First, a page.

Updated: Jun 15
Three major architects reimagined neglected parts of the city for Architectural Digest, and this is what they came up with...
The housing crisis in London is hard to ignore, and thus when land becomes derelict, unused or abandoned it quickly becomes prime material for developers. These award-winning architects have won competitions to build new communities and affordable housing in these areas,
Below are three projects that will remake sections of London, giving us a glimpse of the future:
Battersea Power Station | Rafael Viñoly
The Power Station stopped producing electricity in 1983, and since then many architects have proposed plans to revitalize the area, all of which have failed, until now. In these new plans by Rafael Viñoly the chimneys will become observation decks, a glass atrium will make up the top floor, and Apple will turn this space into its London headquarters next year. In addition luxury flats are being built inside the London landmark.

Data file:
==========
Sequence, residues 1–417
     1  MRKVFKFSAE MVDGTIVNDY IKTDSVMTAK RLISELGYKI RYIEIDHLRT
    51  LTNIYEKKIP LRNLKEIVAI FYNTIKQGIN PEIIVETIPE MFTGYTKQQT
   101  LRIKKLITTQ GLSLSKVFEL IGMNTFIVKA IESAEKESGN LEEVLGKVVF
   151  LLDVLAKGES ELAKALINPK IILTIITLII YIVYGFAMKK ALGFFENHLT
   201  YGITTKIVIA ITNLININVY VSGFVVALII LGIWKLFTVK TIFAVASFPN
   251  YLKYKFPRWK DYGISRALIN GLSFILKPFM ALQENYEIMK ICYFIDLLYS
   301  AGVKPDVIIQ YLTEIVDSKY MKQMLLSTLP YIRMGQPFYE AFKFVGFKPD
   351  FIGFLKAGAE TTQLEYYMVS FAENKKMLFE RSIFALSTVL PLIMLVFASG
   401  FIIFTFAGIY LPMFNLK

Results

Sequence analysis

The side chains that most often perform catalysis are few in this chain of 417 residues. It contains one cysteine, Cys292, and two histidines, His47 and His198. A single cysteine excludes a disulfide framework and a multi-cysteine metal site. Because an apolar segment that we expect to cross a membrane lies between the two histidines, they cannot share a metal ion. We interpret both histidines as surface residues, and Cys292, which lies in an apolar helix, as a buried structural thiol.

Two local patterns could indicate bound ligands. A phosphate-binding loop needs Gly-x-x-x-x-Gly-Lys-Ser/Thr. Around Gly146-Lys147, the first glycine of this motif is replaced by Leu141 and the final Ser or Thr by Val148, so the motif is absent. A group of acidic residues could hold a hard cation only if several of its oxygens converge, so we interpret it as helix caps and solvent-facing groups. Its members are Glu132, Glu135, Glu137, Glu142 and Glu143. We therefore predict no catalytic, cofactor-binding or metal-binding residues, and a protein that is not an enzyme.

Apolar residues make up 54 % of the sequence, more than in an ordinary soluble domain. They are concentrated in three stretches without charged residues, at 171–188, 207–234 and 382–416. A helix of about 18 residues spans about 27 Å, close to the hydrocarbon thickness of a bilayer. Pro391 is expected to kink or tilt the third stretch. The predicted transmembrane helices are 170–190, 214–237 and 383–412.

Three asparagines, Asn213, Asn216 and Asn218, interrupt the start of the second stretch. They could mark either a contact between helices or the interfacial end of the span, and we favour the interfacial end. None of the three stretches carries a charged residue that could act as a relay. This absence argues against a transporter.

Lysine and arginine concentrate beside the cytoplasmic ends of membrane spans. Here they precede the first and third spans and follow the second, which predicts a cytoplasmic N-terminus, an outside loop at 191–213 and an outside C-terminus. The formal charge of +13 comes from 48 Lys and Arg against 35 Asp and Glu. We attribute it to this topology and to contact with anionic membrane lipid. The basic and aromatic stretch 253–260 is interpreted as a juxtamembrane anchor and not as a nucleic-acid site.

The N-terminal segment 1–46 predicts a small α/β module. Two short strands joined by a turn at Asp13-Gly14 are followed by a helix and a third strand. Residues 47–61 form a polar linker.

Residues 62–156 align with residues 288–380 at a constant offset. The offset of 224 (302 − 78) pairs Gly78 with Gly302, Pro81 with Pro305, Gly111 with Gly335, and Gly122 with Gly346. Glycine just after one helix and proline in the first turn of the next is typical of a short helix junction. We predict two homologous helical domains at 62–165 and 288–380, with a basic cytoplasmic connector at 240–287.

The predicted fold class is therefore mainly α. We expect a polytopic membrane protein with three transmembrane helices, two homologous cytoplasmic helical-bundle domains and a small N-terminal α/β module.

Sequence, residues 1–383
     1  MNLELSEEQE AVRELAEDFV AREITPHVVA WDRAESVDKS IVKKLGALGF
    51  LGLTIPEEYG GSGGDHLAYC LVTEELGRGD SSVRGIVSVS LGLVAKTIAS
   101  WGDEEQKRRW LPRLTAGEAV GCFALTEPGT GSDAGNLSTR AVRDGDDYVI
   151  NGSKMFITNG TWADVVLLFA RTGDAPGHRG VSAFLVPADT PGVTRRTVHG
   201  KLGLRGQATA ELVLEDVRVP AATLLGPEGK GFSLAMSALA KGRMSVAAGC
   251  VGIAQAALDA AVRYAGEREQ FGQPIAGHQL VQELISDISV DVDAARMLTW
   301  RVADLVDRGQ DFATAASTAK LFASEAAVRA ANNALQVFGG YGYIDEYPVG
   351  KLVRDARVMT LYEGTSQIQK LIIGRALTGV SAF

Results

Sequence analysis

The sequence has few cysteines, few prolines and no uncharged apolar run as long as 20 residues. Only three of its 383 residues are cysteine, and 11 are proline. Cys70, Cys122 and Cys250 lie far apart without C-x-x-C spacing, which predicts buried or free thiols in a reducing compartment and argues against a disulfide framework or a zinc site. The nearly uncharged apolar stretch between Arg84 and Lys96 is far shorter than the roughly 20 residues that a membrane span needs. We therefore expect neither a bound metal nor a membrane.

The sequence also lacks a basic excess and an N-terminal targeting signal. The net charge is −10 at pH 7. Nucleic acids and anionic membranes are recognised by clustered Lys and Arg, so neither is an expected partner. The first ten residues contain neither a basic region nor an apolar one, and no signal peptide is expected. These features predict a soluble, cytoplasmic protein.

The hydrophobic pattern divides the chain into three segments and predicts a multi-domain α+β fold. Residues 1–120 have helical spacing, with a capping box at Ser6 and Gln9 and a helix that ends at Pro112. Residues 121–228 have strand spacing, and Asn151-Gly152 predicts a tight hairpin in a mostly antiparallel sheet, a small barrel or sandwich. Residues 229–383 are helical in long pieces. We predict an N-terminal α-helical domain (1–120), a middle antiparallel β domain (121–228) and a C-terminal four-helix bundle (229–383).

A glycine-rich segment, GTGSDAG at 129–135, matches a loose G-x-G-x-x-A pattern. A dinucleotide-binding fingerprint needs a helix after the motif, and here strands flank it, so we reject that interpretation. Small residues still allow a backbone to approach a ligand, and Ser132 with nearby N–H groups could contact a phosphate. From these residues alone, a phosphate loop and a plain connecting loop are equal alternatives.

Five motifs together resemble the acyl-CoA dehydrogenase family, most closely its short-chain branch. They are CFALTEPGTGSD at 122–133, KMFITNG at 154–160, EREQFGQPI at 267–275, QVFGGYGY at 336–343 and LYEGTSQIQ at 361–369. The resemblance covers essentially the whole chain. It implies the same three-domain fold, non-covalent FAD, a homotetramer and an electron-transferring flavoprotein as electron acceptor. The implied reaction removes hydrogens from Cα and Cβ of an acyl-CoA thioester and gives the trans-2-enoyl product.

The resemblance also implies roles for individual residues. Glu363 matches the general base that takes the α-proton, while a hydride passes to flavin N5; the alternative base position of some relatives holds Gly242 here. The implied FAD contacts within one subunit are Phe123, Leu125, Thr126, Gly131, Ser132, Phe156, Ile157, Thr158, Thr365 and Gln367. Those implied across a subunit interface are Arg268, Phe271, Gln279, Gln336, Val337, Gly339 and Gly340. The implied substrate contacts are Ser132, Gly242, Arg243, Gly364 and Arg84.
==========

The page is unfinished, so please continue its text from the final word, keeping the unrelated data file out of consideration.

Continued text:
Paddington Square | Renzo Piano
Renzo Piano’s reimagining of Paddington Square might remind you of his previous venture, The Shard. Although it’s not a skyscraper, like The Shard it will also be located at a stations that gets regular foot traffic all day. The design is set to be completed in spring 2022, and the building will consist of two basement levels, two floors of retail at the main entrance, followed by 14 floors of office space in a design thats being touted as a “floating cube.” The cherry on top? A restaurant will take pride of place on the top floor.
Beechwood Mews | Peter Barber
This site has been sitting derelict for 20 years, and Peter Barber's firm have taken it on with the aim of building affordable housing and dividing it into mews, which will reduce the noise for resident of the street. The new tree lined development will also feature a playground, places for people to sit and gather, and there are future plans for a café and a corner shop. Peter Barber have said the point is “to create opportunities for people to do stuff” in the space.